Some assume that the changing distance of our planet from the sun causes change in the seasons. That is logical, but it is not the case, for the Earth.
Almost everyone enjoys the change of seasons on Earth: from winter to spring, from summer to autumn. But, why do our stations change?
Some assume that the changing distance of our planet from the sun causes change in the seasons. That is logical, but it is not the case, for the Earth. Instead, Earth has stations because our planet’s axis of rotation is tilted at an angle of 23.5 degrees to our orbital plane, the plane of the Earth’s orbit around the sun.
The inclination on the Earth’s axis is called obliquity on the part of scientists.
In the course of a year, the inclination angle does not change. In other words, the north axis of the Earth always points in the same direction in space. At this moment, that direction is more or less towards the star that we call Polaris, the polar star. But the orientation of the Earth’s inclination to the sun, our source of light and heat, changes as we orbit around the sun. In other words, the Northern Hemisphere is oriented towards the sun during the middle of the year and away from the sun towards the other half. The same is true for the Southern Hemisphere.
When the northern hemisphere is oriented towards the sun, that region of the Earth heats up due to the corresponding increase in solar radiation. The sun’s rays hit that part of the Earth at a more direct angle. It’s summer.
When the northern hemisphere is oriented away from the sun, the sun’s rays are less direct and that part of the Earth cools. It is winter.
The seasons in the southern hemisphere occur at times of the year opposite to those of the northern hemisphere. North summer = southern winter.
The tilt in the Earth’s axis is strongly influenced by the way in which the mass is distributed over the planet. Large amounts of landmass and layers of ice in the northern hemisphere make the Earth very heavy. An analogy of obliquity is to imagine what would happen if you had to spin a ball with a gum stuck near the top. The extra weight would cause the ball to tilt when turned.
During long periods of geological time, the angle of obliquity of the Earth oscillates between 21.4 and 24.4 degrees. This cycle lasts approximately 41,000 years and is believed to play a key role in the formation of the ice ages, a scientific theory proposed by Milutin Milankovitch in 1930.
Earth is currently decreasing in obliquity. The decrease in obliquity can prepare the ground for more moderate seasons (colder summers and warmer winters) while increases in obliquity create more extreme seasons (hotter summers and colder winters). Glaciers tend to grow when the Earth has many cool summers that do not melt the winter snows. Remember, we are talking about a cycle of 41,000 years here, so these changes in obliquity are not the main driver of Earth’s climate in the next century. Temperatures on Earth are influenced not only by obliquity, but also by many more factors that drive our complex climate system and the global temperatures we experience year after year.
Other planets in our solar system also lean to varying degrees. Uranus turns almost sideways to 97 degrees and has extreme seasons. The axial inclination on Venus is 177.3 degrees. Therefore, Venus has very little in the way of the seasons.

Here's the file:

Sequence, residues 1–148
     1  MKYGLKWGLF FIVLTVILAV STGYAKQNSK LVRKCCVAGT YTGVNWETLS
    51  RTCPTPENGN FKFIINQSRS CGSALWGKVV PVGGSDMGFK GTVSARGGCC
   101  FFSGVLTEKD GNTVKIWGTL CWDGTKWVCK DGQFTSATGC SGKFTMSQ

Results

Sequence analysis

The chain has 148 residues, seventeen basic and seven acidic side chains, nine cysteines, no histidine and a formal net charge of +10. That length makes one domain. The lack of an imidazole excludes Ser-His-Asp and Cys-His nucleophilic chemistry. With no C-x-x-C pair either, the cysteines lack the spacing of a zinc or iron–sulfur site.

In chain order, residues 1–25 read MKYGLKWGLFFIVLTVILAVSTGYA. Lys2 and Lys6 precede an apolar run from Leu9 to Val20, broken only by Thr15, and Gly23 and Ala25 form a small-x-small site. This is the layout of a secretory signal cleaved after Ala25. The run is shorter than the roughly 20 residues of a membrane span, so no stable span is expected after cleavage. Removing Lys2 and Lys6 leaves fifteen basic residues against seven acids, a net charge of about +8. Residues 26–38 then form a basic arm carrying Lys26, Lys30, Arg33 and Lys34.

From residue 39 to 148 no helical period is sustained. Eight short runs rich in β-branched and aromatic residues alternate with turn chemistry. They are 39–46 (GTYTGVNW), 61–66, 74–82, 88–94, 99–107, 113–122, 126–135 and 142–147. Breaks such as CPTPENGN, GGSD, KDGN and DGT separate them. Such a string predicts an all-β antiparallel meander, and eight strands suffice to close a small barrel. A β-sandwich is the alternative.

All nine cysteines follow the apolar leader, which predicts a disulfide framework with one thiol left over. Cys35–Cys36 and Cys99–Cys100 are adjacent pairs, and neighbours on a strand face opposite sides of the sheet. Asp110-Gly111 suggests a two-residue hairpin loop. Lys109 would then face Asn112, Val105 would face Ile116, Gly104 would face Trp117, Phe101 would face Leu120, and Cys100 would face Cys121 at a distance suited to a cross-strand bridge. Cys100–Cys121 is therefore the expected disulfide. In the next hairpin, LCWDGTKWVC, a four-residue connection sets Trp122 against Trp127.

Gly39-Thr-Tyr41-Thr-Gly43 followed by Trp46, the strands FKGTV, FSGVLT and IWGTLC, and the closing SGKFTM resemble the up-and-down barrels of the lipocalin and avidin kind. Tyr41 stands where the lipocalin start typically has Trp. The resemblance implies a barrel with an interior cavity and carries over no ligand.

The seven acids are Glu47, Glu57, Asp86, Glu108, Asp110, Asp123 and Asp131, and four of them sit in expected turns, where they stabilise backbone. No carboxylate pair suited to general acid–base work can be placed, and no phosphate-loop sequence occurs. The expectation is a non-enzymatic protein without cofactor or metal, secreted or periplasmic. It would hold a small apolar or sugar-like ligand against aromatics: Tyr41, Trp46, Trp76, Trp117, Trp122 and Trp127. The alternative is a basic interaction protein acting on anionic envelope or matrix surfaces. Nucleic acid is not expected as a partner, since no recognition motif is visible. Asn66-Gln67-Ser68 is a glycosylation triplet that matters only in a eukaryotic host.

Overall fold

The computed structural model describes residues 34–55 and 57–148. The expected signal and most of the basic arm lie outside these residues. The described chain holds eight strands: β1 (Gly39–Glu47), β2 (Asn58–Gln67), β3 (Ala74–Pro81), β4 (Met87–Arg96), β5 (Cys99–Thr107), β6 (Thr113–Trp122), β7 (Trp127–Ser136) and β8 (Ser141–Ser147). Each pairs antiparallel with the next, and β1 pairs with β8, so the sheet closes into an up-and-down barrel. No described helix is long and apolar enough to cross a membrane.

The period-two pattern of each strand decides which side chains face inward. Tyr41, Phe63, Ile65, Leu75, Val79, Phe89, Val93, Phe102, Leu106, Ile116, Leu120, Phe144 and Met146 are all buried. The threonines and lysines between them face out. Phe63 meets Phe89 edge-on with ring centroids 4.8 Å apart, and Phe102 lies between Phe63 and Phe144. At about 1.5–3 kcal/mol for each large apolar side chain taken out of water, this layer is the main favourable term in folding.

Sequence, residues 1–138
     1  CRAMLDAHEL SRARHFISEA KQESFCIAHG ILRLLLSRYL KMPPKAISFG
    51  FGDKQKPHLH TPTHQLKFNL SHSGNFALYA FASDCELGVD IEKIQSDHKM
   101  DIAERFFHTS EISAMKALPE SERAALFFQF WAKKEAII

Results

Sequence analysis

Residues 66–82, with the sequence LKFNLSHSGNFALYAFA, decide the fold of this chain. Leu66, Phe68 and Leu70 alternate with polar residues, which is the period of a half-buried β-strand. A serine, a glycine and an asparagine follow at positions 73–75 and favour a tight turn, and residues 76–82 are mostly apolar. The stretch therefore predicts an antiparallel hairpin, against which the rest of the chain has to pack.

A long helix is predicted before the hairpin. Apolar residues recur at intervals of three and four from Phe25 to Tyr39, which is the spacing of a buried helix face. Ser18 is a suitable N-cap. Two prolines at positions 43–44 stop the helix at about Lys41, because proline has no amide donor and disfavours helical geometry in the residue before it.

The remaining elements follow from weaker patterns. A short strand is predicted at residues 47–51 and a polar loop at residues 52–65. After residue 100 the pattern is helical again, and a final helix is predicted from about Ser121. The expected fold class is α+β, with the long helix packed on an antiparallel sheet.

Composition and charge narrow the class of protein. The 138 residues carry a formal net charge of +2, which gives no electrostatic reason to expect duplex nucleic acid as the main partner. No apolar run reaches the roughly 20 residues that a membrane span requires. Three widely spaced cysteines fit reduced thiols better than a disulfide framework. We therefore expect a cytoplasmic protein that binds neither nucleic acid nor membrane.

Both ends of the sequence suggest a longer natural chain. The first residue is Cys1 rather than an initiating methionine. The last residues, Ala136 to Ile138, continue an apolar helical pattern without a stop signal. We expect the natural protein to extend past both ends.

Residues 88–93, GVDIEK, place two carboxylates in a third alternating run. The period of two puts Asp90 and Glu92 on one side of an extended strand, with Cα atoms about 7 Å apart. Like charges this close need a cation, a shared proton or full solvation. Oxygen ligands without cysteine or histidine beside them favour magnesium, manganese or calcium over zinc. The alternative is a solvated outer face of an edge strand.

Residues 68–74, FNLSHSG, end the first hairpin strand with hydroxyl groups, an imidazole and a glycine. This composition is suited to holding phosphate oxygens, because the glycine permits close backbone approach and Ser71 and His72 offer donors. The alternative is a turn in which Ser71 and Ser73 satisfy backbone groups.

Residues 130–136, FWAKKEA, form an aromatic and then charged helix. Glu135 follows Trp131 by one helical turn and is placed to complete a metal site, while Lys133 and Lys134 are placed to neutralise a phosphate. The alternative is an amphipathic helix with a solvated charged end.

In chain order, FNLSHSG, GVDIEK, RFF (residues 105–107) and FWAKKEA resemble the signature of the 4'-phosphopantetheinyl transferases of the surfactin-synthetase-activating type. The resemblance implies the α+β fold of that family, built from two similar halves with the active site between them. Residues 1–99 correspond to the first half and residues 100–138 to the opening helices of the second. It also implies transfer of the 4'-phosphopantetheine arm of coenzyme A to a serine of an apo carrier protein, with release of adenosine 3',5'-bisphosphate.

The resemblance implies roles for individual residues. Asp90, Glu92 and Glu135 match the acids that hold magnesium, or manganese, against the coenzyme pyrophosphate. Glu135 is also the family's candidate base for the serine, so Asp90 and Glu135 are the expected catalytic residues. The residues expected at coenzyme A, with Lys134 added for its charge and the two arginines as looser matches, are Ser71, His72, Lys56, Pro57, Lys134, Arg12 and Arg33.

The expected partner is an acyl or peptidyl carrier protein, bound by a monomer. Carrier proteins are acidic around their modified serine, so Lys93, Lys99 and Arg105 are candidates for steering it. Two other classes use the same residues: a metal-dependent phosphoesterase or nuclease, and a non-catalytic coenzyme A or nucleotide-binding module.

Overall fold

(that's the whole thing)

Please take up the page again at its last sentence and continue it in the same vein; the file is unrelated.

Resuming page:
The distance from the Earth to the sun changes throughout the year, and it is logical to assume that an increase or decrease in the distance of a solar planet could cause a cyclic change in the seasons. But, in the case of our planet, this change is too small to cause this change.
Our stations change due to the angle of inclination of our planet – 23.5 degrees – in relation to our orbit around the sun. If the Earth did not lean at all, but rotate exactly upright relative to our orbit around the Sun, there would be minor temperature variations during each year as the Earth moved a little closer to the Sun and then a little further away. And there would be differences in temperature from the equatorial region of the Earth to the poles. But, without the Earth’s inclination, we would lack the wonderful seasonal changes of the Earth and our association of them with the different seasons, associating a fresh sensation in the air with the spring, for example.
It is easy to imagine a planet that has a more pronounced change in its distance from its star as the planet orbits the star. Some extrasolar planets, planets orbiting distant stars, have found themselves with more extreme orbits. And even in our own solar system, for example, the planet Mars has a more elliptical orbit than Earth. Its distance from the sun changes more dramatically throughout its year than that of the Earth, and the change in distance from Mars to the sun does cause more pronounced cyclical changes in this desert red world.
In short: it is logical to assume that the changing distance of our planet from the sun causes change in the seasons. But the distance from Earth to the sun does not change enough to cause seasonal differences. Instead, our seasons change because the Earth is tilted on its axis, and the angle of inclination makes the northern and southern hemisphere exchange places throughout the year to receive light and heat from the sun more directly.